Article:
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Solar powered Arduino

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Posted by Nick Gammon   Australia  (21,396 posts)  [Biography] bio   Forum Administrator
Date Sun 29 Mar 2015 01:14 AM (UTC)

Amended on Mon 06 Apr 2015 02:50 AM (UTC) by Nick Gammon

Following on from my posts about low power consumption (http://www.gammon.com.au/power) I got enthusiastic when I saw a thread Arduino powered by a capacitor by heliosoph.

So since I had a 1W, 6V solar panel from Adafruit (Flexible 6V 1W Solar Panel) I thought I would try my hand at making a solar-powered capacitor storage, powering an Atmega328P.

Solar panel:

I found it helpful to tape the wires onto the back of the solar panel with strong adhesive tape, as a form of strain relief, otherwise you tended to pull the wires off as you carried it around:

I also had to hand a 0.47F (that is, 470000µF) super-capacitor, rated at 5.5V.


Why a capacitor? Why not a battery?

Batteries have problems. If you have ever owned a solar-powered torch, as I have, or solar-powered garden lights, you often find that, after a couple of years, they fail because of the limited number of times you can charge and discharge a NiCad battery.

So, the problems are:

  • Limited number of charge/discharge cycles*
  • They don't like being discharged too far
  • They don't like being overcharged
  • They don't like being discharged too fast
  • They don't like being charged too fast

* Charge cycles

According to Comparison Table of Secondary Batteries a NiCad battery can be charged 1000 times and a NiMh battery 300 to 500 times (both if properly maintained).

This is hardly exciting stuff for a device "in the field" as 1000 cycles will be 1000/365 = 2.7 years, and 500 cycles half that.

However capacitors, by their nature, usually have thousands of charge/discharge cycles, often during a single second. That is their nature. So they are more suited to long-term situations where you keep charging and discharging them, not always at a predictable rate.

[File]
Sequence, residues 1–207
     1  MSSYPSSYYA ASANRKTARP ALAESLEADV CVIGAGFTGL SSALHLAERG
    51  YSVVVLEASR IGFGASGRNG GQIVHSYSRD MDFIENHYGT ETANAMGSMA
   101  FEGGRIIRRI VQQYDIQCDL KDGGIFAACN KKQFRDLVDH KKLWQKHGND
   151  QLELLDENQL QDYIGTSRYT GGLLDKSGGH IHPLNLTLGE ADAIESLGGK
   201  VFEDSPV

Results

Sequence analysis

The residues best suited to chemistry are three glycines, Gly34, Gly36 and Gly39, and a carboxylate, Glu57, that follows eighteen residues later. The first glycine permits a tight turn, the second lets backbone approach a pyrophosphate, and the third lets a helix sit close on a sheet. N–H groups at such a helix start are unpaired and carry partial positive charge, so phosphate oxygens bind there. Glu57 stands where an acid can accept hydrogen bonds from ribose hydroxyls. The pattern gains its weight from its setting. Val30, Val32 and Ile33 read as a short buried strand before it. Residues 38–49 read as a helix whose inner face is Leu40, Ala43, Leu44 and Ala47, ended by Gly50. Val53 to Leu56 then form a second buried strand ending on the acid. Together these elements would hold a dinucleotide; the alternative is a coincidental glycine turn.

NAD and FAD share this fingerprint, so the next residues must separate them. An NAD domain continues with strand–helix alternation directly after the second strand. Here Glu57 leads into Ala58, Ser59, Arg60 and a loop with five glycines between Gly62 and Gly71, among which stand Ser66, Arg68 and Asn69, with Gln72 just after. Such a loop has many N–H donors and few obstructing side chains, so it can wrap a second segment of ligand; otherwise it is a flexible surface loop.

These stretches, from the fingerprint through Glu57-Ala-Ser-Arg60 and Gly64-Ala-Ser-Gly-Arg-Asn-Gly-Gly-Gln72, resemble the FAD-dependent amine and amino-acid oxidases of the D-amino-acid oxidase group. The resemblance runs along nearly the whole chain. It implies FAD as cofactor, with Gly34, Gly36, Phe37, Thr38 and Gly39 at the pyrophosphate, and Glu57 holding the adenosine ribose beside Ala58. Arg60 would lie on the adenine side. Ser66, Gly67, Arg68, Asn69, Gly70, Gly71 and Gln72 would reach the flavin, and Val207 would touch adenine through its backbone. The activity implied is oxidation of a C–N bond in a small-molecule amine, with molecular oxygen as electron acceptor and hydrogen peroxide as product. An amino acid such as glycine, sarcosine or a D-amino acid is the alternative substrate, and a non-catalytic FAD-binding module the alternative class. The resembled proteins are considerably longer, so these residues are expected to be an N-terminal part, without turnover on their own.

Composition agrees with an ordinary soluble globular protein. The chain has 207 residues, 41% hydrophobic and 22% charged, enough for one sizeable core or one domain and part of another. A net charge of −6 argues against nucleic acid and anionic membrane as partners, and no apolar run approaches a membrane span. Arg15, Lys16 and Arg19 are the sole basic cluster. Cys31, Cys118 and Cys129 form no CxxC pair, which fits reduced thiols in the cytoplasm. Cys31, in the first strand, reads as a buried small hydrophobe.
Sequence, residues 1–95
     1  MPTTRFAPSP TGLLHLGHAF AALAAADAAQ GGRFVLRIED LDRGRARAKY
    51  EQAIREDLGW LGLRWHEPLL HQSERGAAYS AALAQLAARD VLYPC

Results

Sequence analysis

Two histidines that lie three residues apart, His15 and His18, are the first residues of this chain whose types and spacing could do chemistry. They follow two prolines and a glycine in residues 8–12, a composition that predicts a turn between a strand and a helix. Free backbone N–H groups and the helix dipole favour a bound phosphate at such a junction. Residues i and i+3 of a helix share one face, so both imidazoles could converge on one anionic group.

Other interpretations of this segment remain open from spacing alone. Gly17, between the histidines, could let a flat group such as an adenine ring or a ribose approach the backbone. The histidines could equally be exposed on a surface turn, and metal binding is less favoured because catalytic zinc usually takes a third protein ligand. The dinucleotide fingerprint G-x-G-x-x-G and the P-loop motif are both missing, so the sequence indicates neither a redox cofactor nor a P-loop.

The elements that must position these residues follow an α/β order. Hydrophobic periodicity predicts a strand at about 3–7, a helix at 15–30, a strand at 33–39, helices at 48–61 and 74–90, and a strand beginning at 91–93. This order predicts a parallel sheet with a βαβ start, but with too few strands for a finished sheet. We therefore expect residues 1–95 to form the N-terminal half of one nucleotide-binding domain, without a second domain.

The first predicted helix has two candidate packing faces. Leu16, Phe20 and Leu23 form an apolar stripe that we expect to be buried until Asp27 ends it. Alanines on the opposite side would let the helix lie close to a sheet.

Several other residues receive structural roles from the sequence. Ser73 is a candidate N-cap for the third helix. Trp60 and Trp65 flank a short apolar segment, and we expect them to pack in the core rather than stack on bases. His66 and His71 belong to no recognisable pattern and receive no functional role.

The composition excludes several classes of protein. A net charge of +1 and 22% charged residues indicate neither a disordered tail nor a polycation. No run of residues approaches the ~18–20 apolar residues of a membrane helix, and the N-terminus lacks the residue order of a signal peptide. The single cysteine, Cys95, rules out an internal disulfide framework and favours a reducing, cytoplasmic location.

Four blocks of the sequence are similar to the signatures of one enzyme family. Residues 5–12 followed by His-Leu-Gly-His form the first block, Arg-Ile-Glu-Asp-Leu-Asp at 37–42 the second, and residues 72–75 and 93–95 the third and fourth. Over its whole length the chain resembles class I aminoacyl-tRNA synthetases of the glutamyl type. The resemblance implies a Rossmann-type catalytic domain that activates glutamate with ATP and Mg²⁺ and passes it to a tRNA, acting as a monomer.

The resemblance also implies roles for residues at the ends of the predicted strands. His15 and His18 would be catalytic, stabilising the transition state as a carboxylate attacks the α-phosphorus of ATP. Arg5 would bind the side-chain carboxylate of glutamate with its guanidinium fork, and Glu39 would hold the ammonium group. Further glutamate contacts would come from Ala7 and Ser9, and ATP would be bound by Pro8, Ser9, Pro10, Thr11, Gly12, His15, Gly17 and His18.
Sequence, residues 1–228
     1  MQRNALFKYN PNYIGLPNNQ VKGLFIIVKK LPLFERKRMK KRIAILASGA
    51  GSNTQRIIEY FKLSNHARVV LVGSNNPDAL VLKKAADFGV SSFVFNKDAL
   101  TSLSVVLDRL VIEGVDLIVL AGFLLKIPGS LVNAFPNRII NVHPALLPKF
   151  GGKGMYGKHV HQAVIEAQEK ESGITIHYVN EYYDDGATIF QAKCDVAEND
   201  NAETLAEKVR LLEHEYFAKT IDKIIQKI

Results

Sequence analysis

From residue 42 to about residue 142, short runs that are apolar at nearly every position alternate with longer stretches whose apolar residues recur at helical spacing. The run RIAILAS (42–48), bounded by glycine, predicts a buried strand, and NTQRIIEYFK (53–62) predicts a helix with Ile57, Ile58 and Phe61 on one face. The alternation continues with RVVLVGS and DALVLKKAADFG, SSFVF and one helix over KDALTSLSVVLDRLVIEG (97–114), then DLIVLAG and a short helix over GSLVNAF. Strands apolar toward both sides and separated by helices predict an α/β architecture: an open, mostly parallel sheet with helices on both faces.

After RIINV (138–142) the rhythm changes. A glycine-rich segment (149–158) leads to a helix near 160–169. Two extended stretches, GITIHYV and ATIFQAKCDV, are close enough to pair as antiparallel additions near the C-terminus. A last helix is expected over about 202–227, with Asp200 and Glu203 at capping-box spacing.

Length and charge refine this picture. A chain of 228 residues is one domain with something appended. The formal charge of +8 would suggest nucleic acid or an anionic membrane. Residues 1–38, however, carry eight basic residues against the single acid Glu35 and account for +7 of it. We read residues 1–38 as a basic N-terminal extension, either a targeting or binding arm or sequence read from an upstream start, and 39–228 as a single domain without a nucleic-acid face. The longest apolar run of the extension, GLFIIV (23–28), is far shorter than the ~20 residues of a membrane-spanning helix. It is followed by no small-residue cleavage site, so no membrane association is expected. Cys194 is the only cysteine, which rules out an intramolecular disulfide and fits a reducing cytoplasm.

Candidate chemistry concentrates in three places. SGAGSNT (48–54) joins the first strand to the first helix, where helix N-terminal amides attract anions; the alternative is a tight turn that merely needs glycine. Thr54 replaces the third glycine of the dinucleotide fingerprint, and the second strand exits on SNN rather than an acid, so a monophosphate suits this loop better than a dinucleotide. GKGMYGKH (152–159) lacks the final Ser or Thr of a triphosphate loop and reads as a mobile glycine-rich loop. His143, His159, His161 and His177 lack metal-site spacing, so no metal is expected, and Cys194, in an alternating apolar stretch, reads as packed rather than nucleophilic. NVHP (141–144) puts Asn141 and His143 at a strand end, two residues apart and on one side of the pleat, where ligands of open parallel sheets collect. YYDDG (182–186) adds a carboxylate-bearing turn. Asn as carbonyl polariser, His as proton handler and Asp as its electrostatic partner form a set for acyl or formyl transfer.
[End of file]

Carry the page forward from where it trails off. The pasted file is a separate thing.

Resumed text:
My planned use for this set-up is as some kind of probe or monitor. For example, to monitor:

  • Temperature
  • Humidity
  • Light level
  • Events (such as a door opening)
  • Barometric pressure

Now this is only useful if the gathered information can be transmitted somewhere (or recorded on an SD card). Indeed, commercially available weather stations do exactly that.

I chose a NRF24L01 transceiver module, available from eBay for less than a dollar. For example:

For a couple more dollars you can get an aerial, which extends the range, like this:

As you can see from the labels, you talk to the chip with standard SPI protocol, with a couple of extra signals for selecting the chip. This chip runs on 3.3V which adds the challenge of getting a suitable voltage for it to run.

Charging the capacitor

My preliminary circuit was:

R1 (220 ohm) is designed to current limit the current through D1.

D1 is a 5.6V zener diode. 5.6V is a bit too much for the processor, however the output goes through D2 which would have a forward voltage drop of 0.7V, thus giving the processor around 4.9V.

D2 limits reverse current flow back from the capacitor through D1 or the solar panel, when there is not enough sunlight. (The reverse current through D1 was quite high at 5V).

Testing seems to show that it works OK, in fact in direct sunlight the voltage at the processor 5V pin was getting up to 5.2V.

This gives us a good range of voltages for the processor. It can run as low as 1.8V (if you scale the processor down to 4 MHz) and as high as 5.5V. This gives a good operating range of 1.9V to 5.1V or so. Also the transmitter has a lowest operating range of 1.9V.

Energy in capacitor

Given information about Coulombs, Joules and Watts we can extract these formulae:


One coulomb is also the amount of excess charge on a capacitor of one farad charged to a potential difference of one volt:

    C = F * V


One joule can also be defined as:

The work required to move an electric charge of one coulomb through an electrical potential difference of one volt, or one '"coulomb volt" (C·V). This relationship can be used to define the volt.

The work required to produce one watt of power for one second, or one "watt second" (W·s) (compare kilowatt hour - 3.6 megajoules). This relationship can be used to define the watt.

    J = C * V
    J = W * s

Where: C = Coulombs, J = Joules, A = amps, s = seconds, F = farads, V = Volts, W = watts

However from http://www.engineeringtoolbox.com/capacitors-energy-power-d_1389.html and http://hyperphysics.phy-astr.gsu.edu/hbase/electric/capeng.html the energy available is actually the average voltage (V) multiplied by the charge (C) and thus the available energy is: